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BOOlean Operators: For the Emoji Lover In Us All

BOOlean Operators

You know we love a good boolean operator graphic here at Librarian Design Share. Whether its honey badgers or grumpy cats, we’re always happy to share a nice visual that will help us teach the oh-so-useful but deadly boring concept of boolean operators. To avoid that glazed over look students get when you start talking AND/OR/NOT, why not try an emoji?

Today’s submission comes to us from Kelly Blanchat,Electronic Resources Librarian at Queens College (CUNY), whose presentation slide decks are known to impress. Here’s Kelly’s take on the graphic above, which she created using Google Draw.

In general, I try to keep my library instruction sessions relevant to students. My personal love for emoji made it an obvious choice for this graphic, but wouldn’t it also be great to use around Halloween?
Using emojis as an example can lead into a conversation about Internet resources and techniques students already use — like social media — skills that can be then adapted for library research. A good example of such a technique is to connect the idea of hyperlinked hashtags (#) on Twitter and Facebook to subject terms in the library catalog and in databases. For example, I will show students Twitter Advanced Search, as well as a few hashtags that do and do not retrieve results. From these examples I’ll discuss need for synonyms and refining search structures in library resources. Essentially the theme is, “You already know this stuff, and can apply it to your scholarly work”.

We’re working on adding a copy of Kelly’s Google Draw file to Librarian Design Share Google Drive, so until then, send Kelly an email or a tweet for the original.

Making an Impact with your Slide Deck

With many of us in academic libraries heading out to Portland today and tomorrow for ACRL 2015, it’s a good time to talk a little about what makes a good slide deck. Today’s submission is an example of a presentation with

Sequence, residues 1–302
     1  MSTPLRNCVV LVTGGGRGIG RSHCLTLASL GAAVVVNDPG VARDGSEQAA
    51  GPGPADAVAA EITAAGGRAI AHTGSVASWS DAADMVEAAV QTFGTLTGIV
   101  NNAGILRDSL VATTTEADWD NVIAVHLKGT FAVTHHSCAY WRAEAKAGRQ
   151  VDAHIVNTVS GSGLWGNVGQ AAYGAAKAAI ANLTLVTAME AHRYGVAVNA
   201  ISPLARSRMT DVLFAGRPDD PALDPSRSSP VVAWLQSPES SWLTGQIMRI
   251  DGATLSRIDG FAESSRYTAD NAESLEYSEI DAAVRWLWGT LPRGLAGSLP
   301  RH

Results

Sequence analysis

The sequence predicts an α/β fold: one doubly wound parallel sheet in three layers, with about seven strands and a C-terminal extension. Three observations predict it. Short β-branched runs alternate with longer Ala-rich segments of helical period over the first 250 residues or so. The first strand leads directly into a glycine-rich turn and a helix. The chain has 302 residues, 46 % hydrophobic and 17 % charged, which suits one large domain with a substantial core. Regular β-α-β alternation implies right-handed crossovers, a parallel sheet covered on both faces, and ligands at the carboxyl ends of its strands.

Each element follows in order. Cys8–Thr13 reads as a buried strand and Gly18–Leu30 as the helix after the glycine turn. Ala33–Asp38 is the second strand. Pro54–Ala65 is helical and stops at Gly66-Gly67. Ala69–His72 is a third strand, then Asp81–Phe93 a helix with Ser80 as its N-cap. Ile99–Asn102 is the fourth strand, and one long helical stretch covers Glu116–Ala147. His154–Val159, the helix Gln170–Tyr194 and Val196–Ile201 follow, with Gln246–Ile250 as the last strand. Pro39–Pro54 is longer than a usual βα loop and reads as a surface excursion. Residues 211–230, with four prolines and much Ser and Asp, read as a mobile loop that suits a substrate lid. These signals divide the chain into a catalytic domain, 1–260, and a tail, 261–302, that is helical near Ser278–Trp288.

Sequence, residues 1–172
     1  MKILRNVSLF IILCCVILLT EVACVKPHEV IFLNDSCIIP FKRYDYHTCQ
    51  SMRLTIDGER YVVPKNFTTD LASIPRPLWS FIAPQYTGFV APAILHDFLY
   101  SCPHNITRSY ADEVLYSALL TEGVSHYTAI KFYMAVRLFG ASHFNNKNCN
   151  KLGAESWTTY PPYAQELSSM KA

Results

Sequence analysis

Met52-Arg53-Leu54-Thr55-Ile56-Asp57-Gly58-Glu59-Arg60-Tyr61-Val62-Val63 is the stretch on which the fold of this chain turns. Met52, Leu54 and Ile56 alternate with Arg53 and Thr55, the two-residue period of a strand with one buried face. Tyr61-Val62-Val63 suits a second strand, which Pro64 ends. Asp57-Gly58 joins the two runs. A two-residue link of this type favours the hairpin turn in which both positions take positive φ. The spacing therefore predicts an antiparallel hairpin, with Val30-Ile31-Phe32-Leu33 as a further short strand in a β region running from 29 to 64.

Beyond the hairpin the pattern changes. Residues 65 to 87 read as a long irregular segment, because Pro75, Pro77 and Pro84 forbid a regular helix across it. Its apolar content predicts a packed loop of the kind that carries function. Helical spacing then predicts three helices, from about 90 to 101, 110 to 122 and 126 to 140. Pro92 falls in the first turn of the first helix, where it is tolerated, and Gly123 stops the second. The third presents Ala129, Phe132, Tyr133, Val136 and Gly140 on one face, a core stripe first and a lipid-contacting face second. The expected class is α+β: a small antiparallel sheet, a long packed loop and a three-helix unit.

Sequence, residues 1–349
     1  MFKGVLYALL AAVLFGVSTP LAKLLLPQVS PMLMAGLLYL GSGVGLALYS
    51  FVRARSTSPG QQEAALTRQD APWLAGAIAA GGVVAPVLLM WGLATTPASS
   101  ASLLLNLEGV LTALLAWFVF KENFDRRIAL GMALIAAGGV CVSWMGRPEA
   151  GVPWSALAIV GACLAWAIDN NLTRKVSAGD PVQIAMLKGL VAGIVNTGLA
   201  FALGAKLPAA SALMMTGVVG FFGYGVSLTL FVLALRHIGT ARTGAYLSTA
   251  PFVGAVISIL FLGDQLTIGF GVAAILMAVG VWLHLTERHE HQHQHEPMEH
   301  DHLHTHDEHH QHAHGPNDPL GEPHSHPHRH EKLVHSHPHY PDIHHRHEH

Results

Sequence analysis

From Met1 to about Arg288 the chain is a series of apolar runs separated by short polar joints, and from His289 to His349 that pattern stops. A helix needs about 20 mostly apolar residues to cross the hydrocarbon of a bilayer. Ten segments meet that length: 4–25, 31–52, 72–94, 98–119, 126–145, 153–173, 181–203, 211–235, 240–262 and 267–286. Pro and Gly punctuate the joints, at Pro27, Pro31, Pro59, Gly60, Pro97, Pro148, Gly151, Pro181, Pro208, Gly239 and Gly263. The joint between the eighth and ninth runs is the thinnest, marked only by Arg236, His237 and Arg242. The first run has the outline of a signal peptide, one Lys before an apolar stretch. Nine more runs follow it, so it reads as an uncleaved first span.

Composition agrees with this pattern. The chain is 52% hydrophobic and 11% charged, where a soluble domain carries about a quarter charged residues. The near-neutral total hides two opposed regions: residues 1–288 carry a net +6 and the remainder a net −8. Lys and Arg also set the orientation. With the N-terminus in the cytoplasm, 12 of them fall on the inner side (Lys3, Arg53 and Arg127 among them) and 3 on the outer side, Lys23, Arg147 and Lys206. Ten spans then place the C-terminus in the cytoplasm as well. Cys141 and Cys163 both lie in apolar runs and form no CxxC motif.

• clean lines,
  • a nice cohesive color scheme,
  • great statement photographs,
  • clear, attractive font choices, and
  • good use of text alignment for emphasis and impact.

This slide deck is courtesy of Alana Verminski, Collection Development Librarian at the University of Vermont Libraries and Kelly Blanchat, Electronic Resources Librarian at Queens College from their 2015 ER&L conference presentation:


We created the slides using Google Slides and most of the images were made using Google Draw. All the fonts are from Google Fonts. Kelly did some work in Photoshop to tweak a few of the images and the spreadsheet used in slide 10 was developed in Excel. Our presentation addressed many of the challenges (new) electronic resources librarians face when starting or transitioning into a new role. We focused on workflows and how revamping and developing new processes can facilitate the building of a new professional identity and gaining respect from colleagues.

You can contact Alana or Kelly for more information about their fantastic slides.

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